public interface IHandlerFactory
    {
        IHandler Create(string param1, string param2);
        IHandler Create(int param1, int param2);
    }

    public class Handler1Factory : IHandlerFactory
    {
        public IHandler Create(int param1, int param2)
        {
            return new Handler1(param1, param2);
        }

        public IHandler Create(string param1, string param2)
        {
            return new Handler1(param1, param2);
        }
    }

    public class Handler2Factory : IHandlerFactory
    {
        public IHandler Create(int param1, int param2)
        {
            return new Handler2(param1, param2);
        }

        public IHandler Create(string param1, string param2)
        {
            return new Handler2(param1, param2);
        }
    }

    public class HandlerFactory
    {
        public static IHandler Create(IHandlerFactory factory, string param1, string param2)
        {
            return factory.Create(param1, param2);
        }

        public static IHandler Create(IHandlerFactory factory, int param1, int param2)
        {
            return factory.Create(param1, param2);
        }
    }

The alternative here would be to have a HandlerFactory class that would have a property of IHandlerFactory type, and the methods would not be static and would not have IHandlerFactory parameter in them. Obviously, an object of HandlerFactory class would need to be instantiated at some point.

The usage would go somehow like this:

public class Example
{
    public void ExampleMethod()
    {
        Handler1Factory factory1 = new Handler1Factory();
        var handler1 = HandlerFactory.Create(factory1, "parameter1", "parameter2");

        Handler2Factory factory2 = new Handler2Factory();
        var handler2 = HandlerFactory.Create(factory2, 1, 2);
    }
}

The solution clearly divides the code by purpose, and most importantly, should you have the need for another handler, you would not need to change the existing code. All you would have to do is write a factory for that particular handler.

Remember, this is only possible because all handlers have the constructors with same parameter lists. The design would be somewhat different if that was not the case.

  • Why not use generics and constraints to avoid all of the ugly Java style casting. interface IHandlerFactory<T> where T: IHandler { T Create(string a, string b); } and then class Handler2Factory: IHandlerFactory<Handler2> { public Handler2 Create(string a, string b) => new Handler2(a, b); } – Aluan Haddad Apr 10 '17 at 4:27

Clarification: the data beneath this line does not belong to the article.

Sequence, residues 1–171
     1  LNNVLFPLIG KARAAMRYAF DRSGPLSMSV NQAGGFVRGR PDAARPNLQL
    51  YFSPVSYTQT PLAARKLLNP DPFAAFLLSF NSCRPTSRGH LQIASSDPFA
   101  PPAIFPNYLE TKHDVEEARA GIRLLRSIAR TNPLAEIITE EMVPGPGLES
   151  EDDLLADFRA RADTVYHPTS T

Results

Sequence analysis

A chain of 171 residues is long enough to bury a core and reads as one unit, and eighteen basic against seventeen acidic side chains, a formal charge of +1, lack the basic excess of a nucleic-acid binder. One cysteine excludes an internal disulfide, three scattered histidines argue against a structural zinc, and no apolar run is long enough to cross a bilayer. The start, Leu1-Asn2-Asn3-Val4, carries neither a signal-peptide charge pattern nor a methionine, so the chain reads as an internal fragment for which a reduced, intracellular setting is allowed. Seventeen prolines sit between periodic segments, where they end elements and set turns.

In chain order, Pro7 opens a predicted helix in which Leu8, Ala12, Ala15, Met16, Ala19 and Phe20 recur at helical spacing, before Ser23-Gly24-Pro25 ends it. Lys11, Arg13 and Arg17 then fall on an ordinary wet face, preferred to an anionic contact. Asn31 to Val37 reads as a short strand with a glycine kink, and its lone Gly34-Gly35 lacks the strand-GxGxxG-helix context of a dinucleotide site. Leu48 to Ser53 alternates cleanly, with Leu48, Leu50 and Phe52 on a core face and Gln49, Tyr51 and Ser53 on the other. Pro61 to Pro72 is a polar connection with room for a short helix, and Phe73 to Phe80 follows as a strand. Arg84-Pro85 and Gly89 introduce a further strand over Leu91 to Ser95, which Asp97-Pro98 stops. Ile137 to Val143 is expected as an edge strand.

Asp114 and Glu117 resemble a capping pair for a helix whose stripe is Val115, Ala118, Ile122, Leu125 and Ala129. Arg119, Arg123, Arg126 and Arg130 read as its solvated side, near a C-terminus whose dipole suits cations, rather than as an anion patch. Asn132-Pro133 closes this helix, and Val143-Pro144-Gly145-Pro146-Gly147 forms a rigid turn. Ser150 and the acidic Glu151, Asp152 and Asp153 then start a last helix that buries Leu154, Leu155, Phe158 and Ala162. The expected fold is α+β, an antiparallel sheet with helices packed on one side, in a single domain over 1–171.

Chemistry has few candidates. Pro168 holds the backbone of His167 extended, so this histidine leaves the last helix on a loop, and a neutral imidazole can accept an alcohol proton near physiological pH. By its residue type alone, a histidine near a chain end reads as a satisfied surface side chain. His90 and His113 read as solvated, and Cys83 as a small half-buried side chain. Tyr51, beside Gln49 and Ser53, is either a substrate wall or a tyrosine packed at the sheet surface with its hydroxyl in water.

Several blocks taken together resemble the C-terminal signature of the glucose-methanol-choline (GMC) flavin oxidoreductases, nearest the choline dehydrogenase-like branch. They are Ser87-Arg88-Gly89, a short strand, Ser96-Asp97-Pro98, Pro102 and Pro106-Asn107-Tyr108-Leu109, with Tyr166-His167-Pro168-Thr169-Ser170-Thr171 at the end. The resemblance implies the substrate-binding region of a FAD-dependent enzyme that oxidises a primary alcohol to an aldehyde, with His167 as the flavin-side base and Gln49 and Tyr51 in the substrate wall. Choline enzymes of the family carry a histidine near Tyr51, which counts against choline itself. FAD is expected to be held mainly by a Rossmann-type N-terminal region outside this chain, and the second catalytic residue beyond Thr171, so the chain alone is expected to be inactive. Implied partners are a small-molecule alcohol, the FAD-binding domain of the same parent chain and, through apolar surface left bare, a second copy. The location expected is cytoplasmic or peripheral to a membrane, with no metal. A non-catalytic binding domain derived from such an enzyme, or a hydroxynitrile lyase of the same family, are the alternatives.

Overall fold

• Then add static class HandlerFactory { static THandler Create<THandler>(IHandlerFactory<THandler> factory, string param1, string param2) where THandler: IHandler => factory.Create(param1, param2); } and use as var handler2 = handlerFactory.Create(new Handler2Factory(), "a", "b"); – Aluan Haddad Apr 10 '17 at 4:31
  • You could absolutely do that to avoid explicit casting, but that is the only real benefit, and it makes the code slightly less legible. Since the people who work on the code are not quite adept to polymorphism, I assumed they are not too familiar with generics either, so I tried to write code that was as legible as possible that would address the primary issue the question was trying to tackle: how to avoid multiple switches, which essentially could be translated as: how to adhere to Open/Close Principle in this case. – Vladimir Stokic Apr 10 '17 at 6:22
  • 1
    @AluanHaddad I'd really like to read a full answer from you. Anyway, I don't really need casting to the concrete type. Interfaces are there for a reason. – BgrWorker Apr 10 '17 at 7:24
  • 1
    @AluanHaddad I used var in the example method, thus eliminating the need for type casting. Thanks for the advice. I too would like to read a full answer from you. – Vladimir Stokic Apr 10 '17 at 7:53
7

This solution eliminates the case/switch and replaces it with a generic argument. Normally you can't create objects this way unless you use the new constraint, which doesn't allow any constructor arguments; I stole this workaround from another answer.

Also, there is only one factory method here, and constructor arguments are accepted as a variable-sized list using the params keyword.

public class HandlerFactory
{
    public static T CreateInstance<T>(params object[] constructorArguments) where T : class, IHandler